7. How do I encourage creativity?

Can I stop playing ‘guess what’s in my head’? Do I encourage divergent thinking? How can I help my learners seek worthwhile problems to solve, rather than just the ones I set? How can I incorporate the arts into the learning? Is imagination as important as information?

8. How can I ensure the learning space promotes learning?

Did I get rid of rows facing the front years ago? Are the tables arranged for collaboration? Do we even need all the tables? Can we change the room around, depending on the learning needs? Do we need all the ‘stuff’ that clutters the room? What makes the learners comfortable? Will some colourful cushions change the feel of the learning? Can calming music affect the mood?

9. How can I ensure I am a learner first?

Am I a connected educator? Have I built a global PLN (professional learning network) using social media? Have I been to a Teachmeet or an Edcamp? Am I constantly reading and thinking about learning? Do I create my own learning opportunities? Or do I expect PD to be done to me?

10. How can I contribute to a culture of learning?

Am I a continual learner? Do I talk about my learning? Am I open to new ways of thinking? Am I ready to learn from my colleagues and my students? Do I willingly share my ideas? Do I bring solutions and suggestions rather than problems and complaints?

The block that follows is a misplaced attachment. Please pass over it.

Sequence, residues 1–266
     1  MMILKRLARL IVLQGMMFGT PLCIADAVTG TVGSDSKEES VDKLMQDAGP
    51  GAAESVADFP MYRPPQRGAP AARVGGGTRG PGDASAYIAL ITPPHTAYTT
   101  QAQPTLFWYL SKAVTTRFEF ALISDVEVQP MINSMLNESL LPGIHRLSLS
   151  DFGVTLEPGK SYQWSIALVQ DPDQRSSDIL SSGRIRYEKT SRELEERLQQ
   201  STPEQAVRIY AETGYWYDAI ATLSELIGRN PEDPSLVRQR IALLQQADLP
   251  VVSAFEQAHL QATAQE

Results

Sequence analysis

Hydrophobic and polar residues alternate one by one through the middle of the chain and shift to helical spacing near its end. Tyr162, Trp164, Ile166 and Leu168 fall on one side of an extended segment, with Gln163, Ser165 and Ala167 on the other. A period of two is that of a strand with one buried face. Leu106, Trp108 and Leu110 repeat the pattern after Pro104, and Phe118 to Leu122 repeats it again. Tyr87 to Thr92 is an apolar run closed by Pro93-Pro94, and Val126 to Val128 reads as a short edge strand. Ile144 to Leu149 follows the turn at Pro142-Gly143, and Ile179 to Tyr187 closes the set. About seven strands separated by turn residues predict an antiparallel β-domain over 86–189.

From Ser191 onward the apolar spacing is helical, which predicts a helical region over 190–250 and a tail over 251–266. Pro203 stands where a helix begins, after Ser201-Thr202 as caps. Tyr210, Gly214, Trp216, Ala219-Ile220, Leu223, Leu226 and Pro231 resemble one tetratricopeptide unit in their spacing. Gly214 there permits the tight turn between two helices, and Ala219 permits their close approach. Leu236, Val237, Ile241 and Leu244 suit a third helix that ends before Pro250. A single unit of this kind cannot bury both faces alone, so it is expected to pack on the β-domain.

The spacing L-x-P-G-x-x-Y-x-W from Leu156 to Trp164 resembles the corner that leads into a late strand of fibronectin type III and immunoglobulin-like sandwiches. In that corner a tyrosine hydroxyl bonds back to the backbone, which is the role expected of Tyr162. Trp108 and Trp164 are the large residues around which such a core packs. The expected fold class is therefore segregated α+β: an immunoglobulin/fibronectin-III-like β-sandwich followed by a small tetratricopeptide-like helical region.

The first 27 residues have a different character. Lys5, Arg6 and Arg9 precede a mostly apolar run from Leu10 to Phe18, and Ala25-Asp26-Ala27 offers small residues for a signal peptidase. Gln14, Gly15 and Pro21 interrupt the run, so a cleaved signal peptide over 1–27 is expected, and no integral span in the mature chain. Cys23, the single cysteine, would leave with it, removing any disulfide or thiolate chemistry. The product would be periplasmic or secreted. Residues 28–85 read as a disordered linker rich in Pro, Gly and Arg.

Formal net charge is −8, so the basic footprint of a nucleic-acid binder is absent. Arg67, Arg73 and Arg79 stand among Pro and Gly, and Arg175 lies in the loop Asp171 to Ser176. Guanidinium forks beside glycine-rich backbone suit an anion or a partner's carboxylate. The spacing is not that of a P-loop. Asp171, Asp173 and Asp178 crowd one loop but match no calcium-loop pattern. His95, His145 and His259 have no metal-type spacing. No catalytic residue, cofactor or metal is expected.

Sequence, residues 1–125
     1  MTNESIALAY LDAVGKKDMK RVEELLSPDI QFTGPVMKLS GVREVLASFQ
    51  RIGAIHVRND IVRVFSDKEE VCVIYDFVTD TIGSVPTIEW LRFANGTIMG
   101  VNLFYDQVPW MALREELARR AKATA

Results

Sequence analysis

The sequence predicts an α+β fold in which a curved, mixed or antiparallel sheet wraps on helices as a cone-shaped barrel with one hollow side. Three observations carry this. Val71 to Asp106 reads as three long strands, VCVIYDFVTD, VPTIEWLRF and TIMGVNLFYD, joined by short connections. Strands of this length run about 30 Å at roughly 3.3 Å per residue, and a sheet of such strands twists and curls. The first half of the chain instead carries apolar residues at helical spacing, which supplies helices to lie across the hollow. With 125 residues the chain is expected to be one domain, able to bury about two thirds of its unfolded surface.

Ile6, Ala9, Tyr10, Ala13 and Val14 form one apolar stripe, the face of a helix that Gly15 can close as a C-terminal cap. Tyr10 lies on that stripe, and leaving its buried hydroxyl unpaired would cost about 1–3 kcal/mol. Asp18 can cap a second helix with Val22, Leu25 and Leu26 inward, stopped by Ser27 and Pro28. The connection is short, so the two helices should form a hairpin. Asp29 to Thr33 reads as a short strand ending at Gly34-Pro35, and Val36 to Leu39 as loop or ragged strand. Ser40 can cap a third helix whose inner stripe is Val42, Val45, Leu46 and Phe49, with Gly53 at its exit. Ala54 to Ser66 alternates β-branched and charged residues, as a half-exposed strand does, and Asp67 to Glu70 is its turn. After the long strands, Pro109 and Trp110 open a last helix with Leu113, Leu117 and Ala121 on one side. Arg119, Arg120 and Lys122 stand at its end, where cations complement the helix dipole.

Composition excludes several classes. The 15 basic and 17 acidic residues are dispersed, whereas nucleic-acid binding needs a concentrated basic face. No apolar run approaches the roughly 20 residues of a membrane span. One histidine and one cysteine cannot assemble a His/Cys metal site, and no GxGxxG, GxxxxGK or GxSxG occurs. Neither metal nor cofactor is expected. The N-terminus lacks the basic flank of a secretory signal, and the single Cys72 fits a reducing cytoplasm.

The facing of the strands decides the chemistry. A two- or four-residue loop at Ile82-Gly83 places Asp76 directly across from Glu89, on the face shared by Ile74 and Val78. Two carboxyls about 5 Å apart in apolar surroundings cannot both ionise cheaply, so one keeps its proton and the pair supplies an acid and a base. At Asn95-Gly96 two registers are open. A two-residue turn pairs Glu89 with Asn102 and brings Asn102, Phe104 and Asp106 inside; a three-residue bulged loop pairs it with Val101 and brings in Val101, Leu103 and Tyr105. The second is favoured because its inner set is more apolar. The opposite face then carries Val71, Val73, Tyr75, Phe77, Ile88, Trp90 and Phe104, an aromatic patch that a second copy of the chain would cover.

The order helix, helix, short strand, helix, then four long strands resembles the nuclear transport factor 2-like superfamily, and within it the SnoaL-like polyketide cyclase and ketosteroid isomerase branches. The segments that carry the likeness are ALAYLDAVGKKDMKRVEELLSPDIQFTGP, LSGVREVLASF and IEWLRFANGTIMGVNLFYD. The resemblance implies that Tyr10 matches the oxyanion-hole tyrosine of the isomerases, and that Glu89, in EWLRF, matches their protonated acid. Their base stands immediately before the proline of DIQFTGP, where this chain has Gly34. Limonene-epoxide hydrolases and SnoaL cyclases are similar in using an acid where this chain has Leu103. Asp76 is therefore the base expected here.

OK, so there are actually more than fifty questions, if you don’t just count the headings…

Who said becoming a better teacher was easy?

10 principles of effective professional learning…

Tweet

Apparently this random comment (my response to a tweet in last week’s #edchat) was well received!

This got me thinking (again) about the principles of effective professional learning for educators. In no particular order, the following points are based on my own experience.

Effective professional learning needs to be…

1. Conceptual

Effective learning for teachers is not always about things you can try tomorrow, but rather big ideas that shift your understanding of teaching and learning.

2. Self directed

Teachers need opportunities to set their own goals, choose their own learning and follow their own interests. (Sometimes the most effective medium to achieve that is social media.)

3. Inquiry driven